If you haven’t ever tried Kombucha, you really should.
It has so many benefits to it, from being a probiotic drink that can aid in stomach upset and increasing good gut flora, to just being a delicious beverage that is easy to make, bottle and consume.
Of course, kombucha is just like granola in many ways.
Everyone seems to have a recipe that is their own, and no two are ever going to be the same. And, each recipe is delicious in it’s own right. When I first started drinking kombucha, I would buy a couple bottles at our local health food co-op. At the price of $4 a bottle, that was NOT something I did for very long.
I was able to find a mushroom, or scoby, online and get started brewing my own
Unless you can find a live scoby from a local friend, you will need to rehydrate your scoby to get it going. Cultures for Health has an awesome how to video for that here. Of course, I have played with different teas and fruit juice add ins for my home brewed kombucha. Here are some of my favorite recipes to brew, and all of them are for one gallon at a time:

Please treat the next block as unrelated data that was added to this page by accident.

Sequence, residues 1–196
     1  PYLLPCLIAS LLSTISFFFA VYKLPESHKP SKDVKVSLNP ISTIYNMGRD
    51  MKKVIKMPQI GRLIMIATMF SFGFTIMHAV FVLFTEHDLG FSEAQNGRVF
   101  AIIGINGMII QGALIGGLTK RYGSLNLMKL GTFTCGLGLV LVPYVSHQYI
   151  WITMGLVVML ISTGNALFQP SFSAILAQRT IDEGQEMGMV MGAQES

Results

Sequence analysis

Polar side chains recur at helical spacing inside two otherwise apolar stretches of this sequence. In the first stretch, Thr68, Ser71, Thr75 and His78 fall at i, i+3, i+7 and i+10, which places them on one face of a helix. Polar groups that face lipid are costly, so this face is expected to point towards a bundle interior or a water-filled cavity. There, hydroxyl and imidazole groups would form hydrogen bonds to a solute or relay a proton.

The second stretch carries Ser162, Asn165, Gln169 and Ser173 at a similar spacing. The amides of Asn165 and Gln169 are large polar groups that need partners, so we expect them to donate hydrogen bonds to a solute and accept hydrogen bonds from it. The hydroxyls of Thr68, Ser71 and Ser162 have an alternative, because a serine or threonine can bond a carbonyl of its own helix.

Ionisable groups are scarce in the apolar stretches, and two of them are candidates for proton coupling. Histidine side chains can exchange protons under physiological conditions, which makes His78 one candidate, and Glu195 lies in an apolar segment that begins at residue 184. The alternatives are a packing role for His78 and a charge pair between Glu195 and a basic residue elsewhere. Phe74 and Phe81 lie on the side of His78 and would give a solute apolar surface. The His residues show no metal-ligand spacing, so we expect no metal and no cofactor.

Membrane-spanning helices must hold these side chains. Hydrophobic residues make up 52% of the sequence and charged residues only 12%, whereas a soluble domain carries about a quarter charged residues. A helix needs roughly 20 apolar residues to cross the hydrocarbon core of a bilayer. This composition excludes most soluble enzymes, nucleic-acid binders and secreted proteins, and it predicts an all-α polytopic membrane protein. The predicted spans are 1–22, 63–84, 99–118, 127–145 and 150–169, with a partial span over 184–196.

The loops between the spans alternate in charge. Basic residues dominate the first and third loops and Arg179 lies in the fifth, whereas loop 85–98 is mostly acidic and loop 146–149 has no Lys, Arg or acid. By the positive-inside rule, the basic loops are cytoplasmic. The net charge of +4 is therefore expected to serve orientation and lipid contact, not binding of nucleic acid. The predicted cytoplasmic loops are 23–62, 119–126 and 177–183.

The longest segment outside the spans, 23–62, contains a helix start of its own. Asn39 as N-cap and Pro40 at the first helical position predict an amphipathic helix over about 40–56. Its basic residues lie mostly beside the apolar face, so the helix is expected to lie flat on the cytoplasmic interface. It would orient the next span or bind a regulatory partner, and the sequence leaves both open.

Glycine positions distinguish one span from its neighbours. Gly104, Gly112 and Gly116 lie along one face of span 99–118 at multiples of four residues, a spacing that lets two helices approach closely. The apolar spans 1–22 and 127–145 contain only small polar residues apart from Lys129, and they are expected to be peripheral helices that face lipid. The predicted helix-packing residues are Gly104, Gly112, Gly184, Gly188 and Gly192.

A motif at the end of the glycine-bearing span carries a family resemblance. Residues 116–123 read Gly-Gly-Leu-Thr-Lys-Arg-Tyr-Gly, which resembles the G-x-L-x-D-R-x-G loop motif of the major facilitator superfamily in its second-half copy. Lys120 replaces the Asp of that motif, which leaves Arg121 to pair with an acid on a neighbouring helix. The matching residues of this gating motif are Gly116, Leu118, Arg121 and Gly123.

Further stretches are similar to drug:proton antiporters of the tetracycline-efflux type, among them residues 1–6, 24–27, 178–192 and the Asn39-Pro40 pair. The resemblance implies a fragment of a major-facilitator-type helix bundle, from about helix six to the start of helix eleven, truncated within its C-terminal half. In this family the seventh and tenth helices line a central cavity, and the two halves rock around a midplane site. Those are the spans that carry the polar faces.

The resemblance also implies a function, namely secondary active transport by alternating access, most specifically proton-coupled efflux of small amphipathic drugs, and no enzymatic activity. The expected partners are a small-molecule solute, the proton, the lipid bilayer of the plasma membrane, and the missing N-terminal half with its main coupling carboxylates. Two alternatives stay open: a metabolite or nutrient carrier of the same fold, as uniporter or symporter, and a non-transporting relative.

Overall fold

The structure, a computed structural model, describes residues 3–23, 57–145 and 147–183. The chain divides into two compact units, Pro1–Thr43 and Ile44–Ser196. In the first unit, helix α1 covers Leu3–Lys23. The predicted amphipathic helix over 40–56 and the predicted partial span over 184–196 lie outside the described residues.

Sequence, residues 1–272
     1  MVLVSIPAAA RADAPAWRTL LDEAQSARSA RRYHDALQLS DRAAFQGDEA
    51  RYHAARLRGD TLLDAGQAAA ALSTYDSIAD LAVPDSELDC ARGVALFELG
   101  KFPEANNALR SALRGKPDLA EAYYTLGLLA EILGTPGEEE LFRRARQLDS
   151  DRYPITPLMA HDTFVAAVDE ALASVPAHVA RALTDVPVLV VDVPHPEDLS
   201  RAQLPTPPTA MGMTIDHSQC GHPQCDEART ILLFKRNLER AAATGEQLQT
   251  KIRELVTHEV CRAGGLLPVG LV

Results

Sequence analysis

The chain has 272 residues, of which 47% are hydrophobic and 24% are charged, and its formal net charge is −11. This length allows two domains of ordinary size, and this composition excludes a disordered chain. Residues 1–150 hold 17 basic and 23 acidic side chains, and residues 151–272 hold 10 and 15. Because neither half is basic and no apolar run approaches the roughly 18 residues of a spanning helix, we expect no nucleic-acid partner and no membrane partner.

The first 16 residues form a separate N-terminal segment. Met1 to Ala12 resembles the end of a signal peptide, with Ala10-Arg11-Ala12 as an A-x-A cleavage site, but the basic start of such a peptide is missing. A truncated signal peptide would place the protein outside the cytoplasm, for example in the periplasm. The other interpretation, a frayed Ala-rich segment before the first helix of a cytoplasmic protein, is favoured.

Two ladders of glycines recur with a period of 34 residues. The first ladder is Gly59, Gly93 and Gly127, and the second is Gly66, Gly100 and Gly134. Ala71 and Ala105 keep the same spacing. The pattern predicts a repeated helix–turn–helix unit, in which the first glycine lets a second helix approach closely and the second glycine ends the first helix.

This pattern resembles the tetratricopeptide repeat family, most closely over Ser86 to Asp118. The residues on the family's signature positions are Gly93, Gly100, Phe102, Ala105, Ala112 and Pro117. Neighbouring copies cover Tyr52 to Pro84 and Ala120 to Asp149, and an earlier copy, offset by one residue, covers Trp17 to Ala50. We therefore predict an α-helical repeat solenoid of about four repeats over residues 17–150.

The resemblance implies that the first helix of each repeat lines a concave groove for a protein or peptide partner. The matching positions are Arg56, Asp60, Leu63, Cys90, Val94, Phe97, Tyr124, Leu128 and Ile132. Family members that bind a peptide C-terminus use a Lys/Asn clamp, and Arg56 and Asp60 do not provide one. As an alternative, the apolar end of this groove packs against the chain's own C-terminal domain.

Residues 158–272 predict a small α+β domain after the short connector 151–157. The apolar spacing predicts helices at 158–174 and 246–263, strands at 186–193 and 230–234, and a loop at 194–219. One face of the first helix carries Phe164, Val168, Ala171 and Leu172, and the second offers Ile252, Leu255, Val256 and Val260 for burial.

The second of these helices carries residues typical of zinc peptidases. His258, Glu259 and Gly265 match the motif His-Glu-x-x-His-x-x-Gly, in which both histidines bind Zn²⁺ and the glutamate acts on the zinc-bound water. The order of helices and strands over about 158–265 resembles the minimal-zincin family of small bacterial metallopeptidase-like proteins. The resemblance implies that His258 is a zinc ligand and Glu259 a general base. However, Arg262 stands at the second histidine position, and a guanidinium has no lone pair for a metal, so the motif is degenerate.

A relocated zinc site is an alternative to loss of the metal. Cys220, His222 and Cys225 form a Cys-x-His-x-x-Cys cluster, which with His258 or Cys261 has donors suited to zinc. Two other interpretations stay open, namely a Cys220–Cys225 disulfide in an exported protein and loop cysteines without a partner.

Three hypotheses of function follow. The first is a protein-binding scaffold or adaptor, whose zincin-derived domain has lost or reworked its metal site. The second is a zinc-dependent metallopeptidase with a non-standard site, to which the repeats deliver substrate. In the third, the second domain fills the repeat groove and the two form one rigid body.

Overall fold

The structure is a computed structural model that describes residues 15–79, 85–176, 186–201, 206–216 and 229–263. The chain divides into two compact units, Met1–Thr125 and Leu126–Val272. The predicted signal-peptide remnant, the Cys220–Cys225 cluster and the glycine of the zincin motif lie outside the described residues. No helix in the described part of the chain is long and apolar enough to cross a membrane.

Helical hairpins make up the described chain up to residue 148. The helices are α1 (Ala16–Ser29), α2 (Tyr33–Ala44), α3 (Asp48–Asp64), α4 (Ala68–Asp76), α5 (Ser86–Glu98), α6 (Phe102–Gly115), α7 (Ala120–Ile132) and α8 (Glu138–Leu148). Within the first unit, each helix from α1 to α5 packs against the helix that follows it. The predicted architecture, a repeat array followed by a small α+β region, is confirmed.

Basic Recipe for Kombucha
4 cups boiling water
4 cups cool water
1 cup sugar (organic is best if you can)
tea (either loose leaf or bags)
1 gallon sized glass jar
Add the tea bags to the boiling water to steep for 10 minutes. Add sugar and stir to dissole. Remove tea bags, add cool water and allow to come to room temperature. Add scoby and brew for approximately 7-10 days. This may vary, depending on the temperature of your room.
I start tasting mine around 3-4 days in the summer. I am looking for an almost “vinegary bite” without it being sour. Once you start making your own, you will develop your tastes as to what you like. Pour off the tea and add the scoby to a fresh batch. Bottle and refrigerate. I usually put mine in a grolsch style bottle for the “extra fizz”, but you can just bottle it in mason jars.
Raspberry Oolong Kombucha
After brewing and before bottling, add in the juice of 6 limes. I have had to add a bit more sugar at times, depending on the season and tartness of the limes.